Pick any tired cliché about a dramatic shift in a short period of time… Like nothing ever happened. What a difference a week makes.
They all apply. Two weeks ago, stocks were in the midst of a nasty pullback. Correction chatter dominated the headlines. Heck, individual bullish sentiment dive-bombed nearly 50% from year-end levels.
And now? The stock market has strung together six consecutive days of gains. The S&P 500 Index is back within striking distance of a new all-time high. And everyday investors are downright giddy again, as the American Association of Individual Investors (AAII) bullish sentiment reading jumped from 27.9% up to 40.15% last week.
Now, don't kill the messenger… But not every nook and cranny of the market is on the mend. In fact, there's one industry that could be setting up for a nasty fall. All I need is a single chart to prove it, too.
Retail Me Not
While everyone is fixated on the major market indices, few have noticed the terrible performance of the retail industry. The SPDR S&P Retail Fund (NYSEARCA:XRT) was down a staggering 11.4% in the beginning of February. That's the worst start to a year for the group in over a decade. Even after the recent rebound, the industry is still down 7% versus only a 1% decline for the S&P 500.
I know, I know. The weather is entirely at fault, right? For when the weather outside is frightful (which it's been for two months now), Americans stay indoors and don't do much shopping. Hogwash! While that's a convenient explanation, it's not an accurate one.
Consider: The latest data reveals that headline retail sales slumped 0.4% last month. However, on a category-by-category basis, non-store retail sales (i.e., online shopping) dropped by even more (0.56%). If being stuck indoors prevents shopaholics from hitting the malls, you'd expect them to get their fix online. But that didn't happen. In other words, weather has little to do with it. Americans simply aren't shopping as much as economists expected.
Why? Well, as I shared last week, the average consumer is getting pinched by rising fuel costs, soaring utility bills and stagnant wage growth. I'm sorry. But that's not the recipe for runaway shopping sprees. The problem is, retailers refuse to accept this cold reality. They keep hiring more employees in anticipation of increased shopping activity.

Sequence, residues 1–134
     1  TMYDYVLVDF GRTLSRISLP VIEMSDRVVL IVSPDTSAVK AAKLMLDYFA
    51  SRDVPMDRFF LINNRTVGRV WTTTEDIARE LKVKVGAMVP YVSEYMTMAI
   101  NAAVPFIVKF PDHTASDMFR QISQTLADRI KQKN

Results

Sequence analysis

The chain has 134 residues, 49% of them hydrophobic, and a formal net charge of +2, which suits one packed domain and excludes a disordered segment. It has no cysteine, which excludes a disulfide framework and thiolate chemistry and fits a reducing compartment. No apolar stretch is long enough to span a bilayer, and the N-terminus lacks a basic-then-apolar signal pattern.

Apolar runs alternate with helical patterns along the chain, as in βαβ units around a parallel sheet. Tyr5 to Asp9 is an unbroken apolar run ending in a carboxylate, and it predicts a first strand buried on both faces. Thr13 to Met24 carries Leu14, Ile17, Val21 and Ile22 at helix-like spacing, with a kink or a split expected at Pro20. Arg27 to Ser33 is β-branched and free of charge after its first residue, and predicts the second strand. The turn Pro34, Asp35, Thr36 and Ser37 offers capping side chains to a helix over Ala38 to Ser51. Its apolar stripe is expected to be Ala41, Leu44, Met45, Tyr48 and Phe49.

As Neil Dutta, Head of U.S. Economics at Renaissance Macro, says, "Something has to give… Either retailers stick with it and stay confident on the expectations that sales will improve, or they will be forced to cut employment dramatically." In other words, retailers are playing a nasty game of chicken. And I don't see it ending well for them, particularly ones that rely heavily on brick-and-mortar sales in mall locations. Here's why…
No More Mallrats
During the past holiday season, foot traffic fell nearly 15%, according to ShopperTrak. Meanwhile, at the most recent National Retail Federation convention, Rick Caruso, CEO of Caruso Affiliated, predicted that traditional malls are on the brink of extinction. To his point, a new indoor mall hasn't been built since 2006.
Heck, all we have to do is look at the performance of anchor tenants in many malls, like J.C. Penney Company, Inc. (NYSE:JCP) and Sears Holdings Corporation (SHLD). They've been sucking wind for years. And increasingly so, which explains the recent announcements that both companies are closing even more stores. Sears alone has shuttered about 300 stores since 2010.
Along with Radio Shack (NYSE:RSH), I'm convinced that it's only a matter of time before all three kick the bucket and file for bankruptcy. Given the current conditions, I wouldn't be surprised if it happened before the year is out.
Bottom line: Blaming poor retail sales on the weather ignores a deeper, more troubling situation. U.S. consumers aren't consuming as much as economists expected at this point in the recovery. Until we see definitive signs of a change in behavior, the only way I'd put money to work in the industry is by betting against the most troubled retailers by buying some cheap January 2015 put options.